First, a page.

China's strides in solar tech debated at Asia Solar Energy Forum

15:15, June 07, 2011      

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"Although Chinese companies do not own the world's most advanced solar energy technologies, their technological level is above the global average. Furthermore, China is rich in silicon and quartz and has built a complete industrial chain in the solar energy sector. The solar energy industry has huge potential in China," said You Zhenzhong, deputy chief operating officer of Trina Solar, a Chinese manufacturer of photovoltaic modules, at the Third Asia Solar Energy Forum in Bangkok, Thailand in late May.

Many officials, experts and scholars at the forum agreed that accelerating the development of solar energy is an important part of China’s economic restructuring. The country’s solar energy industry is progressing toward the forefront of the world. Although it enjoys broad prospects, a number of problems such as low electricity storage technology remain to be solved as soon as possible.

Introducing foreign technology to improve domestic technological levels

Several senior executives from the Asian Development Bank mentioned the importance of improving technology. The bank's Vice President Zhao Xiaoyu said that China is strong in the application of solar energy but needs to improve its technologies for purifying silicon and manufacturing solar panels. It should accelerate the introduction of advanced foreign technologies and enhance its technological level. Seethapathy Chander, director of the Asian Development Bank’s Department of Information Systems and Technology and chair of the bank's Energy Committee, said that it is urgent for Chinese solar energy companies to strengthen research and development in order to improve solar cell conversion efficiency.

Anil Terway, senior advisor at the Asian Development Bank's Regional and Sustainable Development Department and executive chairman of the bank’s Energy Committee, believes that Chinese solar energy companies and research institutes should strengthen cooperation and share more technological information. Furthermore, they should participate in more overseas cooperative projects and expand cooperation with foreign solar energy companies.

Cutting costs through technical innovation

High costs are a major issue restraining the development of China's solar energy sector. Liang Zhipeng, head of the renewable energy department under the National Energy Administration, said that many Chinese solar power enterprises have effectively lowered production costs. However, solar power generally has no apparent price advantages. Therefore, the enterprises should further step up technical innovation to lower solar power production costs.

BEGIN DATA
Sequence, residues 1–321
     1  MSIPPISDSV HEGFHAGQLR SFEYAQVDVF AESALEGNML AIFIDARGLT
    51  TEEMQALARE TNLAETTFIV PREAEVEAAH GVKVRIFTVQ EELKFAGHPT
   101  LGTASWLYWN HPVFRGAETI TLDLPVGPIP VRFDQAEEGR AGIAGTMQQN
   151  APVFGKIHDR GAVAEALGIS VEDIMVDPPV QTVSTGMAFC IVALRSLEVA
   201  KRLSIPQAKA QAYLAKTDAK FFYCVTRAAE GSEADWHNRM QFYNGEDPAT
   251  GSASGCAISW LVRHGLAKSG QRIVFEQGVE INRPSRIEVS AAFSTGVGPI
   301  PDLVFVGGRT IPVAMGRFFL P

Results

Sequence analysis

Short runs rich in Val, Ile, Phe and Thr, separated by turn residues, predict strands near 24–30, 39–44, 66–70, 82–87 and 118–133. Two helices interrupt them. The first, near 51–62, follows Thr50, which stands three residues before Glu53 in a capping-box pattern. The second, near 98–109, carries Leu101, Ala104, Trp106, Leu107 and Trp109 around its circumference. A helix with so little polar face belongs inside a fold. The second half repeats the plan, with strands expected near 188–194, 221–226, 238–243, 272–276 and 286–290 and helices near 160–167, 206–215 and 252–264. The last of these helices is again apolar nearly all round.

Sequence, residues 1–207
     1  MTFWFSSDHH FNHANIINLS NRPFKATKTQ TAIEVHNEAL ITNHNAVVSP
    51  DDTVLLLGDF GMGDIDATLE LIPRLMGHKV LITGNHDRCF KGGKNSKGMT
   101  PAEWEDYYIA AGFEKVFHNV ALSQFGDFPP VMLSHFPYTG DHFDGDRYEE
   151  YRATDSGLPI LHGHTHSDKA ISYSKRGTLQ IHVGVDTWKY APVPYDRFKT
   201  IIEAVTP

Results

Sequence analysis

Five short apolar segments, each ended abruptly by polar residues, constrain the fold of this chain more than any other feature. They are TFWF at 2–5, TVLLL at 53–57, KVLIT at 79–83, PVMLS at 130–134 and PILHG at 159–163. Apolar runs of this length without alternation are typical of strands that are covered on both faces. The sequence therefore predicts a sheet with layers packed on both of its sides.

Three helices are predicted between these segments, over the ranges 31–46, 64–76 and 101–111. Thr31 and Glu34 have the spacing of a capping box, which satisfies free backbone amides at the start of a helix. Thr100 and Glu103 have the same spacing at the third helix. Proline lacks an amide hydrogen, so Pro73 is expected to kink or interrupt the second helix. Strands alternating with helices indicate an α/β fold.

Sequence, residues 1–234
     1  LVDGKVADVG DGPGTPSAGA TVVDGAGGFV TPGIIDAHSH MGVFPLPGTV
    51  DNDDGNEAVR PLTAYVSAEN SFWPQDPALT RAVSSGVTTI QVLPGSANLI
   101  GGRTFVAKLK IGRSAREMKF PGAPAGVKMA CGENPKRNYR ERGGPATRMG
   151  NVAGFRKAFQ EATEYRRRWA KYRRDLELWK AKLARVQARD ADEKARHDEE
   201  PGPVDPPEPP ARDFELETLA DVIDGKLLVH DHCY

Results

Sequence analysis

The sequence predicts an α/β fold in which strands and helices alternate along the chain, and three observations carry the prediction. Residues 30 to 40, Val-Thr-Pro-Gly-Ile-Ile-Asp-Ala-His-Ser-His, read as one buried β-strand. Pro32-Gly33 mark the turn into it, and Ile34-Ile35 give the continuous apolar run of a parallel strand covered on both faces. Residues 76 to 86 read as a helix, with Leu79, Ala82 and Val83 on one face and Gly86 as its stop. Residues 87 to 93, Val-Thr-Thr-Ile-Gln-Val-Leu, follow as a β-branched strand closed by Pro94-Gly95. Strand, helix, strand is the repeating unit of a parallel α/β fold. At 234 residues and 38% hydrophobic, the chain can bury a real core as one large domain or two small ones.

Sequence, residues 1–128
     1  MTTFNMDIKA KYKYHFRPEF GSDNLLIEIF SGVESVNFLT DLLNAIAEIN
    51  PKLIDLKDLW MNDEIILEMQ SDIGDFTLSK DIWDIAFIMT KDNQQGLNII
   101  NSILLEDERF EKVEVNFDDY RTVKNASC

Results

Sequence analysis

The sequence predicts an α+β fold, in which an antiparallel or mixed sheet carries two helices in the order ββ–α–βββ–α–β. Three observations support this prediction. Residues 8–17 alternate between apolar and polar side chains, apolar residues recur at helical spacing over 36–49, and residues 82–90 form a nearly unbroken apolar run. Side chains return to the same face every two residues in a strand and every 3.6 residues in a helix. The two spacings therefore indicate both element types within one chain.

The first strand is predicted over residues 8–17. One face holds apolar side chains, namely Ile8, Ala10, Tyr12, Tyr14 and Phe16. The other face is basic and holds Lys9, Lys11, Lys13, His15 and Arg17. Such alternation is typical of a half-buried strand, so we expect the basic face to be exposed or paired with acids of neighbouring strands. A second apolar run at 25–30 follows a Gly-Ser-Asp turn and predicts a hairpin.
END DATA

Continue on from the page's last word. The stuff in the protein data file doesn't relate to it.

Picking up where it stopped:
Zhao said that the shift of silicon purification techniques from China to other developing countries in order to use low labor costs and construction materials in these developing countries would not only lower investment costs but also advance the South-South cooperation. Chander holds a similar view. He said that Chinese enterprises could outsource part of the entire industrial chain to other low-cost countries. Furthermore, boosting solar power output is also a good approach to lower costs. Solar power enterprises can cut costs by 15 percent on average by doubling their solar power output.

During the forum, attendants also said that as the payback period of investments in the solar energy sector is as long as 10 to 12 years, a medium and long-term financing platform should be established for the development of the solar energy sector. Zhao and Liang both believe that establishing funds is one of the means to raise funds for the solar energy sector despite its long payback period. Zhao said that a clean energy fund platform should also be established for the development of China's solar energy sector. The Asian Development Bank is establishing a clean energy financing and cooperative platform using funds from multiple donor countries. This platform will offer technical assistance and donations for the Asian Development Bank's clean energy projects and reduce technical, financing and policy risks of clean energy projects for project implementers.
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By Ji Peijuan People's Daily correspondent in Thailand, translated by People's Daily Online

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